Second, build your cross-cultural intelligence.

This can be done through developing ...

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A bill that would ban dismemberment abortions in Pennsylvania has received bipartisan support, but the state’s governor may put a stop to it.

For many people, the thought of Christmas conjures up the image of numerous festive traditions: baking cookies, exchanging gifts, decorating an evergreen, and drinking eggnog or cocoa. However, many of these traditions have had a surprising journey on their way to becoming a part of the modern American Christmas.

Photo courtesy: Unsplash/Mira Bozhko

The founder of Creation Festival — the nation’s largest Christian music festival — has been “indefinitely suspended” from the ministry and his position as pastor of his New Jersey church after he was arrested on charges of child molestation.

A 5-Year-Old Texas Shooting Survivor Wants Christmas Cards. Will You Send Him Some?

Police complicit in harassment, Christian leaders say.

- David Gushee

(RNS) — 'Perhaps voices will emerge that will enable us to find new ways forward together, past the screaming and the litigation, through a return to deeper theological and ecclesial wellsprings. I pray that this is so,' writes David Gushee.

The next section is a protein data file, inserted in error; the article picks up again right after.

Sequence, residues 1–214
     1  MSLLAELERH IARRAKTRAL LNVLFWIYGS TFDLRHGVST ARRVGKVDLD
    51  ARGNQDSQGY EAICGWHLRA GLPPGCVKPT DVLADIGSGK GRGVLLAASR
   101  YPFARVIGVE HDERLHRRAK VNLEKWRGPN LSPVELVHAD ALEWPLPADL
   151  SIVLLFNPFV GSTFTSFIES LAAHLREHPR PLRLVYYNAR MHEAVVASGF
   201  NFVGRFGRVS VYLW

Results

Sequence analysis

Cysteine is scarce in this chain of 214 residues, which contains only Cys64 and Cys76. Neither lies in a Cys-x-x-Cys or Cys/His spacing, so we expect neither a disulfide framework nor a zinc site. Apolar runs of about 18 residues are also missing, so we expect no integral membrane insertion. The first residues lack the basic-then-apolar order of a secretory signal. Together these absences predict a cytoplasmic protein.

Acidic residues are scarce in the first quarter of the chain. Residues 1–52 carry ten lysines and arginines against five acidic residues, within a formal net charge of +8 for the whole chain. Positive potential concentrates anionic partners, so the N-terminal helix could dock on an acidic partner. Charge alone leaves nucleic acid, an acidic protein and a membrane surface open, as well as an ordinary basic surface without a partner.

- David Gushee

The reality of a hopelessly divided American Christian scene.

- David Gushee

White supremacist Christian nationalism must be clearly repudiated by all followers of Jesus Christ.

- David Gushee

We had every reason to know what kind of president Donald Trump would become.

- David Gushee

Agreement on a principle is just the beginning of a moral conversation.

A close shave with a previously undetected asteroid last month serves as a pointed reminder to humanity that planet Earth and other celestial bodies can sometimes cross paths. Fortunately, space agencies are on the case.

When it comes to Republican tax policy, Millennials are the least-supportive age group. Partly, it's proposal details like those on college debt. Partly, it's the values of a generation raised during the Great Recession

When Trump recognized Jerusalem as Israel's capital, analysts warned it could bring a wave of violence. But the response of outraged and distrustful Palestinians has been muted, and some are ready to abandon the two-state solution for peace.

In coming days, the White House will issue a strategy on dealing with foreign threats. But most Americans are already on the front lines of such work. They need thoughtful help from presidents.

A man detonated a pipe bomb strapped to his chest near Times Square, setting off temporary chaos in Manhattan during the Monday morning rush hour. Governor Cuomo has encouraged New Yorkers to stay alert but go about their lives.